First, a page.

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I made my stove out of 1/4 inch flat steel plate. I used a hand wire brush to get the heavier rust of and like Lee said I used Stove Black. It is good stuff IMO. Now is a good time to check your firebrick (if you have them ) also.
Congrats on your stove. Amazing how much it will work for you.
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Old 03-22-2010, 07:18 AM
machinemaker machinemaker is offline
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if you have a cup shaped wire brush for a right angle grinder that will take the rust off quickly.
kent
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Old 03-22-2010, 01:27 PM
Anon001 Anon001 is offline
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You can also use black Stove Paint in an aerosol can. I don't know if that is the same as Stove Black. The cans I have say "Black Stove Paint".

Paul
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  #6  
Old 03-23-2010, 02:41 PM
NCLee NCLee is offline
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Paul, Stove Black is a different product. The one I use comes in a tube and looks like a cream. Apply it with a rag. Then, after waiting a bit, polish it, removing the excess.

Here's a site that has a FAQ with info on it. However, I don't agree with some of her comments, regarding stove black. Seems she's promoting more "modern" products to use instead. That's OK, if that's what a person wants to do.

However, I do know that stove black does work. Been using it for years. The principle is the same as waxing the castiron tops of my shop equipment. I could spend big bucks for something in a spray can that'll do the same job. And, will have to be re-done just about as often. Periodically a little elbow grease and some Johnsons Paste Floor wax, keeps the rust off my equipment.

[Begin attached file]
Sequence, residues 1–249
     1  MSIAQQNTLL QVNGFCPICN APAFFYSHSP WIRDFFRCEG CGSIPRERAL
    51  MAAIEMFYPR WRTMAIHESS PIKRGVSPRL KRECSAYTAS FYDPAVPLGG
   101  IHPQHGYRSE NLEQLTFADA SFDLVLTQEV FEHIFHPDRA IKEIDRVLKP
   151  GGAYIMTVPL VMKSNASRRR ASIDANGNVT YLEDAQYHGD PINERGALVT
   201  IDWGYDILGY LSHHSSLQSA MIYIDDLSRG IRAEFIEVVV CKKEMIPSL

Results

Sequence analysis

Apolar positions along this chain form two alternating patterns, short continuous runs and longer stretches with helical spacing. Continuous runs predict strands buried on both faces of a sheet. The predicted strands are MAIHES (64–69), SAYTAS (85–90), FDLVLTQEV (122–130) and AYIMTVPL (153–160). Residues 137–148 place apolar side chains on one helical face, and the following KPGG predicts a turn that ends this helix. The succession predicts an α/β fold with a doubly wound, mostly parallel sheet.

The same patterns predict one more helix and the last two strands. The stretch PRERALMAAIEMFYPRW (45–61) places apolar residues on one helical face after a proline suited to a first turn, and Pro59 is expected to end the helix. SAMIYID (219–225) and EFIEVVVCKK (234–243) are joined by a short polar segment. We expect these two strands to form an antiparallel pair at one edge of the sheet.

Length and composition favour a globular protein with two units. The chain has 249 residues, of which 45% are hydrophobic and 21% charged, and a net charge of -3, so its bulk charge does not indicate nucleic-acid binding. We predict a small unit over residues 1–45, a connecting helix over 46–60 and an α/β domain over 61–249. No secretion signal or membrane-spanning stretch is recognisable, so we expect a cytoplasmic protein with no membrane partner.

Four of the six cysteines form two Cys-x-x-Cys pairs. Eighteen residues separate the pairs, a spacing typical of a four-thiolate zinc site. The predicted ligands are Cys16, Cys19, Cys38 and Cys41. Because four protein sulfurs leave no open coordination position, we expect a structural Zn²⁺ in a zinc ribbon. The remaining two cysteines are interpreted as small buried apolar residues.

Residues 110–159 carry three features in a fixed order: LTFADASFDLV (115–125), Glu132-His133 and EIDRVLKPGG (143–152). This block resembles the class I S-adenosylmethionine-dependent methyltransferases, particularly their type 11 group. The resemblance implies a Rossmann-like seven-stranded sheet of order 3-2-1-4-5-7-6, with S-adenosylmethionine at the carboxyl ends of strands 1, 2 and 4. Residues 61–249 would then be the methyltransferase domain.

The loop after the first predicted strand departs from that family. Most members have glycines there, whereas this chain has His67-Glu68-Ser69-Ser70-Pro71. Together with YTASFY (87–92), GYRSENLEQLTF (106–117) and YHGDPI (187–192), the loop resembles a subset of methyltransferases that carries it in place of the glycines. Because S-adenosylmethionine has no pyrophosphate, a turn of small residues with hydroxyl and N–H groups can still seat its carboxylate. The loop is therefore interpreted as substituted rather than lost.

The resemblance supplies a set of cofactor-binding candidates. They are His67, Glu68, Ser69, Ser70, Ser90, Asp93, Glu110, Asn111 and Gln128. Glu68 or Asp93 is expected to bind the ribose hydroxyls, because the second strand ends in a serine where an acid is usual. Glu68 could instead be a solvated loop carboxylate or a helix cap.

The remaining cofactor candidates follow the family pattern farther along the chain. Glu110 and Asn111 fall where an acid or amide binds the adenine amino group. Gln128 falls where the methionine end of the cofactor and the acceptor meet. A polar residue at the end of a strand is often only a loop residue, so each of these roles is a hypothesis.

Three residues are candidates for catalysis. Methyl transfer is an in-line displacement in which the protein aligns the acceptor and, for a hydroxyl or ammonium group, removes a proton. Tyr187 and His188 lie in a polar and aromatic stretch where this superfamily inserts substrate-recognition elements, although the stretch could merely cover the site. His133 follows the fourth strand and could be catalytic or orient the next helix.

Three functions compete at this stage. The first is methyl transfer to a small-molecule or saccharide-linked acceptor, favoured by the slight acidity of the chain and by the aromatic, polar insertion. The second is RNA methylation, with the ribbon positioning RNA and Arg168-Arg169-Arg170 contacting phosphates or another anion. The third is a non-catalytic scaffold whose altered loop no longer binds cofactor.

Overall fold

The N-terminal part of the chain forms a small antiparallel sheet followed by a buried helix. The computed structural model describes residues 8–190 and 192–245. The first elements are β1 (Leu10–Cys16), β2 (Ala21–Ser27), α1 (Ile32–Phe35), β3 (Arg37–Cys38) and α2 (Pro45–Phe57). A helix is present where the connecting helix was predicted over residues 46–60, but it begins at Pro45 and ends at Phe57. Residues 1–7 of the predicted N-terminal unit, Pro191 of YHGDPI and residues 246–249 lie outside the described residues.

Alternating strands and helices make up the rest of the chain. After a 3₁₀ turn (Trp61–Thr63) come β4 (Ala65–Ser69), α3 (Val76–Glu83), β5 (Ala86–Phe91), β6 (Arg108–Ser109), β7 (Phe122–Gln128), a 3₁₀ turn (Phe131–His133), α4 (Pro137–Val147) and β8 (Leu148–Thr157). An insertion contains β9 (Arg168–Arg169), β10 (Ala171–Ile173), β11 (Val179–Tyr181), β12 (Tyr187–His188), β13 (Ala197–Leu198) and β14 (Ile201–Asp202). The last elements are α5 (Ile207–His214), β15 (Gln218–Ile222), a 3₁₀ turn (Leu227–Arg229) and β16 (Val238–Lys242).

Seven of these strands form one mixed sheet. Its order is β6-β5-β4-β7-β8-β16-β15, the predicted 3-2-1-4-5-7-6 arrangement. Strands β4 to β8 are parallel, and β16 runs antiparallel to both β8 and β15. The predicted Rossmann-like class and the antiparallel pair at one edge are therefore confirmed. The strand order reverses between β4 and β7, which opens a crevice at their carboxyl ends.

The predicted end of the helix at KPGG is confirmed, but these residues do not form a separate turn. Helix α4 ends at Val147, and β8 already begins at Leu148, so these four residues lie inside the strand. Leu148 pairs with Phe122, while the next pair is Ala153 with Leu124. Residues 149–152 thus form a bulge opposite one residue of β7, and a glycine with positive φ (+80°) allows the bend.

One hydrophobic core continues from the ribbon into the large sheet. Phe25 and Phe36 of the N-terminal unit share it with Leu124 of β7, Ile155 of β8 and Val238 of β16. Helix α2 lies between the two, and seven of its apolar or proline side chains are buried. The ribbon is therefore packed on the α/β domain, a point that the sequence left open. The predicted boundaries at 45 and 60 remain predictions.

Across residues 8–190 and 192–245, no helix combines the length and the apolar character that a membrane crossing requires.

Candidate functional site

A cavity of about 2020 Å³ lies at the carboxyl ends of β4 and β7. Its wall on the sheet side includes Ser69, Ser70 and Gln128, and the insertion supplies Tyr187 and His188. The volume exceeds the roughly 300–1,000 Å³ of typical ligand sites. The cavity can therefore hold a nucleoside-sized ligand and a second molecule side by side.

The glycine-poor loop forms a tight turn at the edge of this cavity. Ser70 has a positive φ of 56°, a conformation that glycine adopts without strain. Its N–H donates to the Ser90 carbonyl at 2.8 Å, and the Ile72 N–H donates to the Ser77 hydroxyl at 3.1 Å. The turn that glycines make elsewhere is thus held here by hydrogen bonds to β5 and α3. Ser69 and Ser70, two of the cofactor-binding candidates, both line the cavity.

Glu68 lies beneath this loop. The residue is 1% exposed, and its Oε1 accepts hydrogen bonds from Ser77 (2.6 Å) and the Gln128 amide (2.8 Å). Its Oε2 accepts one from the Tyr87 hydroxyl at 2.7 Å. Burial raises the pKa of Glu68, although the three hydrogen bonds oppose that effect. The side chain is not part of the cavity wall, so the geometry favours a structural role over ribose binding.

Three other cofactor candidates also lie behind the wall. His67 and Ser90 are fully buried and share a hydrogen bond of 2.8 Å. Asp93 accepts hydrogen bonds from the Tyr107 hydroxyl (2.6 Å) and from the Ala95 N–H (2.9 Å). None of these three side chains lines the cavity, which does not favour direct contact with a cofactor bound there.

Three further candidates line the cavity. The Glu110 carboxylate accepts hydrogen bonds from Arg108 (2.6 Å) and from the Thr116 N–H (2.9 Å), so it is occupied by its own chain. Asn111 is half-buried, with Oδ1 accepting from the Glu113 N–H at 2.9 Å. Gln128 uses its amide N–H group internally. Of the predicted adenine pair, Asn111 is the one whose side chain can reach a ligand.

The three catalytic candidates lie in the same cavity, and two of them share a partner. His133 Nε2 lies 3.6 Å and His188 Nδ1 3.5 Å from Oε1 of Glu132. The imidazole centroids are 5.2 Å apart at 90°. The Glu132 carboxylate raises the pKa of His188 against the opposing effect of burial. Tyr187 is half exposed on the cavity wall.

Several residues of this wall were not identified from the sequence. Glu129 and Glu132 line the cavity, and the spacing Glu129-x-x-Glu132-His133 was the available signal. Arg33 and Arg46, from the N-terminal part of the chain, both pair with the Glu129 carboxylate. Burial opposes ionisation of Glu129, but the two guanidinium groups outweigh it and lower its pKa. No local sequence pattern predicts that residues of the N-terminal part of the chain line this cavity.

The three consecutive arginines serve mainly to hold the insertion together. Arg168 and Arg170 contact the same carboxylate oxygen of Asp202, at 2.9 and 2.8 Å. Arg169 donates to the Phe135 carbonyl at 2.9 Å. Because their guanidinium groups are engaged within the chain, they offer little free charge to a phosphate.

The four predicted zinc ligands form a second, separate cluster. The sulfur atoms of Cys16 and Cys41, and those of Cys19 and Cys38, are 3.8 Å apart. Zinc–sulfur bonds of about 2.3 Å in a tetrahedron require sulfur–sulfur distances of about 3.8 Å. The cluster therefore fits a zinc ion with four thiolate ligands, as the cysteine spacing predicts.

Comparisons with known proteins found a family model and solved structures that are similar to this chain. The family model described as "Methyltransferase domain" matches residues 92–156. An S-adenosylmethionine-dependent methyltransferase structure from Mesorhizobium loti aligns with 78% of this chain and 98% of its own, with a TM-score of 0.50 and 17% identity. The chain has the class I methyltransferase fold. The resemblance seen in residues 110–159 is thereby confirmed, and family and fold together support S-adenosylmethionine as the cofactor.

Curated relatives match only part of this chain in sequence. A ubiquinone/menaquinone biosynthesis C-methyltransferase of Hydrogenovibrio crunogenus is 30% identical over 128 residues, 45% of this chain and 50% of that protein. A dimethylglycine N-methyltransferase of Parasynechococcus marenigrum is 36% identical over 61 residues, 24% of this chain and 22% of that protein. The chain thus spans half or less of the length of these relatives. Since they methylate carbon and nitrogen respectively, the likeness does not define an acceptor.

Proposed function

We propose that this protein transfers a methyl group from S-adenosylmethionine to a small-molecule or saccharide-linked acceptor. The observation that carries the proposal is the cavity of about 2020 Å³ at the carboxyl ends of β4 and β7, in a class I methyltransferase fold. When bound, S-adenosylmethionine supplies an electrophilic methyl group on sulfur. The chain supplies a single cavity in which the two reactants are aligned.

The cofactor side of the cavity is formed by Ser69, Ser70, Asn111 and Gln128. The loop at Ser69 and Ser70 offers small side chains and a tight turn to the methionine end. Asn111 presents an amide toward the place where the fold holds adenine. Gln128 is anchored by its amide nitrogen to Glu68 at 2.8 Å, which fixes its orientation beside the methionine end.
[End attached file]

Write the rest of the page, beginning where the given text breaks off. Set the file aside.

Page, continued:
And, BTW, I have had some problems with using high temp paints on my BBQ equipment. Just didn't hold up. Maybe the brand??

http://www.woodheat.org/q&a/qamaintenance.htm

Just my 2-cents.
Lee
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  #7  
Old 03-23-2010, 05:18 PM
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Lee,
I also have used stove black for a long time. I really like the stuff and the black that it leaves does not look "fake" if you know what I mean. The only drawback is the first fire after using it but it is still good stuff.
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  #8  
Old 03-28-2010, 01:47 AM
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DavidOH Male DavidOH is offline
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Sounds like you've got some work to do. Hope it comes out well.

Stove Black is not paint:
http://www.lehmans.com/store/Stoves_...ck___BSB?Args=

Perhaps you should call these folks and see how much of this you will need.
I'm not sure how far one tube will go. 1-888-438-5346
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  #9  
Old 03-28-2010, 11:06 AM
SamS Male SamS is offline
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I,m gonna need several tubes DavidOH. Will try to post pics of it soon. Have to get ready to go out of town for a few weeks for work.


Sam